The governments belonging to the U.N. Convention on the Conservation of Migratory Species of Wild Animals (CMS) moved to protect 21 shark and ray species at a meeting in Quito, Ecuador, today.
Thresher, silky, and hammerhead sharks are now listed on the CMS Appendix II. The 120 governments belonging to the convention have identified them as among the shark species most in need of conservation action, and have committed to work together to better protect them. CMS is the only global convention that specializes in the conservation of migratory species, their habitats, and their migration routes.
“The theme of this year’s conference was ‘Time for Action,’ and governments did not disappoint,” said Bradnee Chambers, executive secretary of CMS. “Thanks to a truly international coalition of shark champions, CMS will now help with global coordination to protect these species throughout their range.”
The CMS action is a significant step toward better management of these species, and it is a crucial acknowledgement that healthy sharks are critical to healthy oceans. Governments will now have to coordinate through various global or regional agreements, organizations, and fora to better protect and manage these migratory species. These relevant mechanisms include the CMS shark Memorandum of Understanding, the Convention on International Trade in Endangered Species of Wild Fauna and Flora (CITES), and regional fisheries management organizations. Reef manta rays, along with all species of mobula ray and sawfish, will receive stronger protections because of their listing on CMS’s Appendix I, which prohibits their deliberate capture.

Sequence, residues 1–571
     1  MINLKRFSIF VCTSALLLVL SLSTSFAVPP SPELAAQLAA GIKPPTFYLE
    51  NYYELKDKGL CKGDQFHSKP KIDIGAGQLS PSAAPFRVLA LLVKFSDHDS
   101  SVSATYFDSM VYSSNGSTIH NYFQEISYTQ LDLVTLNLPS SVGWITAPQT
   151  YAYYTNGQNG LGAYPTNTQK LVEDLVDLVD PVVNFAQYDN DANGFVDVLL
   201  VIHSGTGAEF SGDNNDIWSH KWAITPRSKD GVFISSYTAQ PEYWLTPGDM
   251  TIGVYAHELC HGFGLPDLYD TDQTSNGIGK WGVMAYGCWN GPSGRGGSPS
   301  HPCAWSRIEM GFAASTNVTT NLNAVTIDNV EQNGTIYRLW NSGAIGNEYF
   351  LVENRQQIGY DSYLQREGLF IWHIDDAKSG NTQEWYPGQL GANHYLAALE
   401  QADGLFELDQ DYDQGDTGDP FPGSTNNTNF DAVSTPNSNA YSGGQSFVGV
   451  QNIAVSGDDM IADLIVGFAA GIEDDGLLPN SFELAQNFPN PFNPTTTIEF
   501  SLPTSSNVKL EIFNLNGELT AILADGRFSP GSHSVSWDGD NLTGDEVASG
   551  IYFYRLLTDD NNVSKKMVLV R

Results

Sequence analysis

Today is an important day for sharks and rays,” said Luke Warwick, a global shark conservation expert with The Pew Charitable Trusts. “Countries have acknowledged that cooperation is key to properly managing at-risk shark populations and that species such as silky, hammerhead, and thresher sharks are in urgent need of better protections. The CMS action gives these already depleted species a chance to recover and encourages precautionary, sustainable management of all sharks.”
About 100 million sharks are killed each year in commercial fisheries, an unsustainable figure. In some regions, numbers of the newly protected species have plummeted to less than 20 percent of their populations’ original size.
This urgently needed action came about because the governments of Ecuador, Costa Rica, Egypt, Fiji, Kenya, and the United Kingdom together proposed the listing of these 21 species.
“The UK has a strong track record on shark protection and we continue to push for increased safeguards worldwide,” said UK Marine Conservation Minister George Eustice. “Thresher sharks are particularly vulnerable so we are delighted that this UK championed proposal was successful.”
Timely and essential, the CMS action builds on the momentum to protect shark and ray species seen in recent years. Among other new steps are the implementation of trade regulations under CITES, the establishment of a growing number of shark sanctuaries in national or territorial waters, and the tightening of international and domestic fisheries rules. All of these achievements have come about because of increased awareness of sharks’ vulnerability.
The CMS Appendix II listings allow sustainable fishing of sharks, but if management measures are not effectively implemented, the listed species could qualify for the more strict protections offered under Appendix I. To ensure that these listings have the needed impact, the CMS parties must follow through on their commitments to cooperate by developing stronger domestic shark protections, while considering international management through regional fisheries bodies and CITES.
“The parties to CMS know what’s at stake for the ocean,” added Warwick. “This isn’t the end of work to protect these species, but part of an ongoing global effort. We are confident that the Appendix II listings will be successful in garnering greater coordination for shark conservation, and we look forward to seeing significant progress everywhere sharks are found, caught, or traded, so that these vulnerable species can be safeguarded for generations to come.”